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Grown Ups

I like Adam Sandler. I really do. But I like him in a way that differs from most. I like him as an actor, a person who can embody a character and draw out emotion with ease. I don’t like him as the lowbrow funnyman the world has come to love. Despite solid performances in films like Spanglish, Punch-Drunk Love and Reign Over Me, he seems content to revert back to his old ways every so often. His latest, facetiously titled Grown Ups, features an ensemble cast isolated together in a cabin away from civilization where they will, predictably, grow as families and learn valuable life lessons.

The men in the families are longtime friends who grew up playing basketball together on Bobby “Buzzer” Ferdinando’s (Blake Clark) team. That team is the only one Buzzer has ever won a championship with so the kids all hold a special place in his heart. After his unfortunate death years later, the guys are reunited. There’s Lenny (Adam Sandler), a Hollywood agent in Los Angeles, Eric (Kevin James), the designated fat friend, Kurt (Chris Rock), the token black guy, Marcus (David Spade), the womanizing, alcohol abusing partier, and Rob (Rob Schneider), the wacky, “mystical” hippy friend who has a fetish for older women.

Those character descriptions, as simple as they are, also sum up the types of jokes in the movie. Eric is overweight, so most quips thrown his way are of the fat variety. The wisecracks directed at Rob have to do with his much too old wife. Pranks are pulled on Marcus when he passes out drunk and he wakes up in strange places. So on and so forth. Each character inhibits one personality trait and then takes a lashing from his friends about it.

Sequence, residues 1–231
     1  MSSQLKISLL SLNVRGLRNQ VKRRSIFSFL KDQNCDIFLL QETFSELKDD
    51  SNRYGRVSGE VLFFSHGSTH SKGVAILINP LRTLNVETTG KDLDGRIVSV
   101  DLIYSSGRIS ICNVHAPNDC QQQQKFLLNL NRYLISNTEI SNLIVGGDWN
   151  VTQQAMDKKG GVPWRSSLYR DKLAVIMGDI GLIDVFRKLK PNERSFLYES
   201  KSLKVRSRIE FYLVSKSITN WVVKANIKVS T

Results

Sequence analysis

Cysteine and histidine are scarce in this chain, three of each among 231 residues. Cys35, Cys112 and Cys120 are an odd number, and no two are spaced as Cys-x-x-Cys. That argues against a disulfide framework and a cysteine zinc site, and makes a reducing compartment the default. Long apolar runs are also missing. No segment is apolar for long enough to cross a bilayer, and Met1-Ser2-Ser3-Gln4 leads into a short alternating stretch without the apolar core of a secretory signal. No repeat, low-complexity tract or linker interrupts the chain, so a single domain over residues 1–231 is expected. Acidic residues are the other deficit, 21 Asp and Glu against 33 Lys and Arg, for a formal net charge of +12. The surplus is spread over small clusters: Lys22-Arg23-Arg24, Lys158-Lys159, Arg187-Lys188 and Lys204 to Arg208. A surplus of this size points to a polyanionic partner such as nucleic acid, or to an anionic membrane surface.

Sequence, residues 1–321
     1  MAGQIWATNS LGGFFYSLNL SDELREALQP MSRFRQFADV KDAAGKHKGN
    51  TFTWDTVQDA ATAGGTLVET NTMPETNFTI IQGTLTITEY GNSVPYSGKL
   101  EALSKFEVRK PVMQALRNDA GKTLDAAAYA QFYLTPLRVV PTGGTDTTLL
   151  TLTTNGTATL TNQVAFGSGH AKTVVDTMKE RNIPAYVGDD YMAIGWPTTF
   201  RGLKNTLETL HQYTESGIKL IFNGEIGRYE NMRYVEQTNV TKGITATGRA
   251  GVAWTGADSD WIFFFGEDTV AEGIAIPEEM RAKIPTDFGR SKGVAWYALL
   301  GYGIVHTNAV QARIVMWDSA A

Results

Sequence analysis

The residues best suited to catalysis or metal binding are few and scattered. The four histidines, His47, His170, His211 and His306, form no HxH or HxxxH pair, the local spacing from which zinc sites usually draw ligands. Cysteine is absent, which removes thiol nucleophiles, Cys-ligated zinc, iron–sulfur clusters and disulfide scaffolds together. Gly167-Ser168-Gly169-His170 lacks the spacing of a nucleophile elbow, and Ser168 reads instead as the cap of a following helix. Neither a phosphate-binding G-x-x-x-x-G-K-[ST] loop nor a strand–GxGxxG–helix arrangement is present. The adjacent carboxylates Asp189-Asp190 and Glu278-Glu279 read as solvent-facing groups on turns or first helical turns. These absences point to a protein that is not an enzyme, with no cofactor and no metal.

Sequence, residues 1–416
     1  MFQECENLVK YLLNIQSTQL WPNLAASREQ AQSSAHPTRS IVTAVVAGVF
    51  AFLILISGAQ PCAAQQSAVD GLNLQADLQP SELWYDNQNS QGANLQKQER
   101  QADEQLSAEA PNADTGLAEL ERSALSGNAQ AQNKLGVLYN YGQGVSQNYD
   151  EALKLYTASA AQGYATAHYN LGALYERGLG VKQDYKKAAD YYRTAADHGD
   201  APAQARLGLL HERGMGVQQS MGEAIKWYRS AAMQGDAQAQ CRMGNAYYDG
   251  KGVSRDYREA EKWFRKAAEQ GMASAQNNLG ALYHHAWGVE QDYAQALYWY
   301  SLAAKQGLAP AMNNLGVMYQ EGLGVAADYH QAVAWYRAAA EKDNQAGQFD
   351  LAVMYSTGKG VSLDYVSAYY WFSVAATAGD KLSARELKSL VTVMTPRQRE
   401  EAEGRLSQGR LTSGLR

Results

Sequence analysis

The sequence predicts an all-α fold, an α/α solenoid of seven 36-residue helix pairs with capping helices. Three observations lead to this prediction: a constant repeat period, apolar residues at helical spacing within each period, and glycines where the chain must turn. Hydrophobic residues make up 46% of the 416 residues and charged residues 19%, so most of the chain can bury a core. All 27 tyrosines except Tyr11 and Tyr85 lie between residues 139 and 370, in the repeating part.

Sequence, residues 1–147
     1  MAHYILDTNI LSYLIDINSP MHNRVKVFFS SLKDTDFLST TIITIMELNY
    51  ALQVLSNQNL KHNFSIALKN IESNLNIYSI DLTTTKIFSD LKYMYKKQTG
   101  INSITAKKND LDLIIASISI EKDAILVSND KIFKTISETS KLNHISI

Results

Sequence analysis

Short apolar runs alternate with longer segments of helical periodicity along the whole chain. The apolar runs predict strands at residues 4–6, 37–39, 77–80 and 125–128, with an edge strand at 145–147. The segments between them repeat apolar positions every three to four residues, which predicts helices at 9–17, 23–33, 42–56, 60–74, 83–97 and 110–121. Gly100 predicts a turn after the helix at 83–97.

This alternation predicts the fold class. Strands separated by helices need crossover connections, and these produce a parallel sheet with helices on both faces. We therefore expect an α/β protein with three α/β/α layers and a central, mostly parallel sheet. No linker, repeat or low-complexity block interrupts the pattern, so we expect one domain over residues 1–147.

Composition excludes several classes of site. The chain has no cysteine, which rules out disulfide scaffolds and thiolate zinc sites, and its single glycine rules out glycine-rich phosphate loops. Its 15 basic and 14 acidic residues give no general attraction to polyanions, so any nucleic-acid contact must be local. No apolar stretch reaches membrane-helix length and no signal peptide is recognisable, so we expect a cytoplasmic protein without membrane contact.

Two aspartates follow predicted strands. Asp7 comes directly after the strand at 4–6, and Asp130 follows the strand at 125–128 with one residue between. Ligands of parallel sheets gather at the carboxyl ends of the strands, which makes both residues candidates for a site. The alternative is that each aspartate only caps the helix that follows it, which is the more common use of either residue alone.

If a character is too minor to have a personality, the filmmakers simply give that person a physical abnormality to joke on. For instance, Kurt’s mother-in-law is, inexplicably, with them at the cabin and she has something wrong with her toe, which is swelled up to the size of a golf ball. She is bombarded with harsh names like “Toe-J Simpson” and the like, but none are ever funny.

It’s a shame because Grown Ups tries so hard. The joke per second ratio is through the roof. When one character makes a crack at another, the rest of the friends join in on the verbal beatings. There are puns flying left and right from a mostly talented cast, yet so many go in one ear and out the other, if you’re lucky. Having one of those inane jokes stuck in your head could cause brain damage.

One important goal of comedies is to be fun. If the actors can show us how much they had on set, it might bleed through the screen to the audience. Grown Ups does this well. The five guys are clearly friends in real life and when they laugh onscreen, it feels genuine. They aren’t laughing because the script calls for them to, but rather because they simply can’t hold it in.

The problem is that while they’re clearly having a blast, the audience is not. None of the fun seeps through because the script isn’t there. This is one of those cases where I’d rather see a documentary about the making of the film because the behind-the-camera antics would surely be more rewarding.

Grown Ups receives 1/5

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